Colin Jeffery “CJ” Haynie’s sentencing has been delayed because of a lack of money to fund a second mental health evaluation.
Haynie was scheduled to appear on Feb. 21 before court officials for a sentencing hearing, but the court appearance was delayed.
Haynie is now scheduled to appear in front of 3rd District Court Judge Teresa Welch on May 2 for a scheduling conference, which means it may be a while until Haynie is sentenced.
Haynie pleaded guilty in July 2022 to four counts of criminal homicide and aggravated murder, and one count of attempted murder, all first-degree felonies for the murder of his mother and three siblings on Jan. 17, 2020 in their Grantsville home.
According to state code, each count carries an “indeterminate prison term of not less than 25 years and may be for life.” The sentences may be served concurrently or consecutively to one another.
The death penalty and life without parole are off the table as state code precludes these sentences because Haynie was under 18 at the time of the murders.
Haynie also waived his right to receive a sentence within 45 days of his plea.
Haynie’s defense team is now seeking funds for an up-to-date mental health evaluation.
“Prior to sentencing and having the case transferred to the Board of Pardons after he is sent to prison, the defense attorneys want an updated evaluation for both the sentencing judge and the Board of Pardons,” said Scott Broadhead, Tooele County attorney.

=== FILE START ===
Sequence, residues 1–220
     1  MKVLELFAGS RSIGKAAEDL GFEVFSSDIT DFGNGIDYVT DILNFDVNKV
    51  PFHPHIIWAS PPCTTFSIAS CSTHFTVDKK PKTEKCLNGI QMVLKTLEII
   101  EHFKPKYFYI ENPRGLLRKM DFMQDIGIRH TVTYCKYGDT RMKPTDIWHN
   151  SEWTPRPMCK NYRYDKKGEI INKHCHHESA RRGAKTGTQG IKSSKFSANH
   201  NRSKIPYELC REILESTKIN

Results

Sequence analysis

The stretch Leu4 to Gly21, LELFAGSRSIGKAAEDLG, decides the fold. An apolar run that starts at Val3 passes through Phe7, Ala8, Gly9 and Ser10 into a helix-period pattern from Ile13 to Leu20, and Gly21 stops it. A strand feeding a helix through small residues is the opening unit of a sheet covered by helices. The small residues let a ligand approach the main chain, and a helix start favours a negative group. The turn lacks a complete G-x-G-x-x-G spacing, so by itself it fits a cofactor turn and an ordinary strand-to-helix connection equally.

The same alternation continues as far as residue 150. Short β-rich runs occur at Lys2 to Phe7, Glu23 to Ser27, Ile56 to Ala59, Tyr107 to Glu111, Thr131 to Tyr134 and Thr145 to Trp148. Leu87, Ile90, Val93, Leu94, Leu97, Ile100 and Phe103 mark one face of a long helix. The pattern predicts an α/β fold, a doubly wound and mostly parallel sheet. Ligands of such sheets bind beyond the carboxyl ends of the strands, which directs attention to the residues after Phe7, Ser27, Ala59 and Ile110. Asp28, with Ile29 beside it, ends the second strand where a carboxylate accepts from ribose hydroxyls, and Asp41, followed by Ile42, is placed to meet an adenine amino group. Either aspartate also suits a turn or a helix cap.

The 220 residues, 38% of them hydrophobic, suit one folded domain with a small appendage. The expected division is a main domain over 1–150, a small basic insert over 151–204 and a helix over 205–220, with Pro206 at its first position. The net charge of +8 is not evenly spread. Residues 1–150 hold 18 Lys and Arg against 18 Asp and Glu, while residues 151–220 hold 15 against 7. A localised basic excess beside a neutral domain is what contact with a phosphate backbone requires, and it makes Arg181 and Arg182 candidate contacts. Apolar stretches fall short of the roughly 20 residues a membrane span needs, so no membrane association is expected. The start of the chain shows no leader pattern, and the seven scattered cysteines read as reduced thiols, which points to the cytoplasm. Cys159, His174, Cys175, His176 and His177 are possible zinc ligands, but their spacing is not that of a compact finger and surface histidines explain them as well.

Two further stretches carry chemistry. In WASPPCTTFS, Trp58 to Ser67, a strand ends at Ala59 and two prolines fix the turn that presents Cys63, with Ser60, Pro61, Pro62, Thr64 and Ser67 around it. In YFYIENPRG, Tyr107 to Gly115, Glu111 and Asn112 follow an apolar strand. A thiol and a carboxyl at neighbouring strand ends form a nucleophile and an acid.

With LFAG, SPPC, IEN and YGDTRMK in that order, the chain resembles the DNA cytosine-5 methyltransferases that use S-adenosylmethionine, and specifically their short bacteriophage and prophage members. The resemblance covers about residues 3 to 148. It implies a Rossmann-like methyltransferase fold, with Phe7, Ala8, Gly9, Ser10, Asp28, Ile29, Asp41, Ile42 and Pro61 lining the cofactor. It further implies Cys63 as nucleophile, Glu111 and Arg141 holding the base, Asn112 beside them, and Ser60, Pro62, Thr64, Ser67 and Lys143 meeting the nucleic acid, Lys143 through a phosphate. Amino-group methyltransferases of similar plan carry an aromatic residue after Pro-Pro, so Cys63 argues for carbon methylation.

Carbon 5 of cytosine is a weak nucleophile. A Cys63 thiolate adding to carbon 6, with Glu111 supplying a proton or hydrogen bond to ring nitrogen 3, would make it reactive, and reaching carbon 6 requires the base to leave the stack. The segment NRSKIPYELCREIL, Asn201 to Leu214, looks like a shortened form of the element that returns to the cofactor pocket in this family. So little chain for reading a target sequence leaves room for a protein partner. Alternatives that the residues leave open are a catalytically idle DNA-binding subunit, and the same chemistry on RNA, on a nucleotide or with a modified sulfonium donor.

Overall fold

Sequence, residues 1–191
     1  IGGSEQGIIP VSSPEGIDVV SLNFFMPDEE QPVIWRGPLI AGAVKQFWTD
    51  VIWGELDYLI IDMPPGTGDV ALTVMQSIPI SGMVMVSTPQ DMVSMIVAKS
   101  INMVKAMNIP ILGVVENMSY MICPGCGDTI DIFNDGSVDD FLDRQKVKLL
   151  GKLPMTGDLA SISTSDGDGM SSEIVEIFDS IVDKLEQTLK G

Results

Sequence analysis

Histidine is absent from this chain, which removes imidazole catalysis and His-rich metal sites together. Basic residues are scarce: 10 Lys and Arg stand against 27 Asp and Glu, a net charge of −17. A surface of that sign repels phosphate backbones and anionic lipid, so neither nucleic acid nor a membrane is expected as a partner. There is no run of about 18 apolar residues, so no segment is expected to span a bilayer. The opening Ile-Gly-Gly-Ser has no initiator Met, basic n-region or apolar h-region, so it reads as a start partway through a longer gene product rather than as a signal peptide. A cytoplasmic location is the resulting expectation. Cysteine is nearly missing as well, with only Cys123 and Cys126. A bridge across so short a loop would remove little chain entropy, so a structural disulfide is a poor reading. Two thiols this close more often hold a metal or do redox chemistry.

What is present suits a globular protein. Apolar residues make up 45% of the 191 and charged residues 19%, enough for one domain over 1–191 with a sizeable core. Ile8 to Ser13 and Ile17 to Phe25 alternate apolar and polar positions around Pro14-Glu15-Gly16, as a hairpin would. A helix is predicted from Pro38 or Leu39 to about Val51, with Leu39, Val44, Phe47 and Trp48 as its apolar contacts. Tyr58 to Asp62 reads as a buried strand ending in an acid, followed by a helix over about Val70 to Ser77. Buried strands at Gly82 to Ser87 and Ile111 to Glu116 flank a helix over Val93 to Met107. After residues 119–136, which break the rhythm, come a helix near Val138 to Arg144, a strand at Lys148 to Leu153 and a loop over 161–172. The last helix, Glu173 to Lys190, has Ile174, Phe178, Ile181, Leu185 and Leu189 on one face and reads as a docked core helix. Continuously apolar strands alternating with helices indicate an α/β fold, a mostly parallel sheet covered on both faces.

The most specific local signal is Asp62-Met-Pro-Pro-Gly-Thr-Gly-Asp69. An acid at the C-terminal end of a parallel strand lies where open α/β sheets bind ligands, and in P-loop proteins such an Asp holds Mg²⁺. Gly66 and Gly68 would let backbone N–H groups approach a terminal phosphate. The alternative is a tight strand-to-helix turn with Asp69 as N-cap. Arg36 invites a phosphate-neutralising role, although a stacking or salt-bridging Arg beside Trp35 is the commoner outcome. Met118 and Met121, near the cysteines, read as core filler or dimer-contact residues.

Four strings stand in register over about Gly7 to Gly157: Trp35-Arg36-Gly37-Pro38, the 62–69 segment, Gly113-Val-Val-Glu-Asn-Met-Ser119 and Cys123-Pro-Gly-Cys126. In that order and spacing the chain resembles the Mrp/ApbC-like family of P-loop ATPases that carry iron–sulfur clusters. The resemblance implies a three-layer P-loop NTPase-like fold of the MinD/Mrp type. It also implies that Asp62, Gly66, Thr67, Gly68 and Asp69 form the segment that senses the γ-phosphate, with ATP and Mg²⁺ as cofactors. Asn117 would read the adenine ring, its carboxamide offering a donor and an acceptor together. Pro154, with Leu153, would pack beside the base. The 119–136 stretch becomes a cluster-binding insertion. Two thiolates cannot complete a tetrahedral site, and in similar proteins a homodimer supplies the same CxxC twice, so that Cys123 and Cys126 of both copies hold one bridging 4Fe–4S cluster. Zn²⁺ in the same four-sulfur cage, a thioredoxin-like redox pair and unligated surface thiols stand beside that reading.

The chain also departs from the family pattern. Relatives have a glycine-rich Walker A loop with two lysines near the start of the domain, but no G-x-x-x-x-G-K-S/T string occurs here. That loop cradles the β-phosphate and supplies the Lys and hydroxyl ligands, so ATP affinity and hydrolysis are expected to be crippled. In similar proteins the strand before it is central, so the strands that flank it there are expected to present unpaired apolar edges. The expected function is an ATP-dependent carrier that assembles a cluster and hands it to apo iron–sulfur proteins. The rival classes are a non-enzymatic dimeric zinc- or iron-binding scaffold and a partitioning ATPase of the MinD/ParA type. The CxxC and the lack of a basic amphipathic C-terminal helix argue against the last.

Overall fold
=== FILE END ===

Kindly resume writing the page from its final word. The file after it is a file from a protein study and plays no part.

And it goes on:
The results of the first mental health screening have not been disclosed.
“The defense is not required to reveal that information unless they plan on using it,” Broadhead explained. “If the evaluations are going to be used for sentencing then they will be required to provide that information to the prosecution.”
Money to pay for the evaluation comes from the Indigent Defense Fund, which helps the accused who aren’t able to afford the money to pay for their defense, but when Haynie’s attorneys asked Judge Welch for his evaluation, she didn’t have the power to approve it and ended up denying the motion, according to Broadhead.
However, this may not be too big of a problem.
“If the evaluation is not paid for and performed by the State, then we will move forward with sentencing without it,” Broadhead said.
There may also be another way for the defense to get their evaluation.
House Bill 383 clarifies that an indigent defense service must cover defense expenses, in addition to attorney fees, if ordered by the court. The bill was recently passed and is awaiting Gov.Spencer Cox’s signature.
“If enacted, the defense can file a motion requesting this evaluation be provided and the judge would determine whether to approve the evaluation,” Broadhead said.
Haynie is being held in a juvenile facility and will remain there until sentencing at which point the Board of Pardons will decide if he will remain there or will be moved to an adult facility. Per state law, Haynie may remain in the juvenile facility until he turns 25.
Broadhead said sentencing will be complete by this summer at the latest and officials will be able to wrap up the case.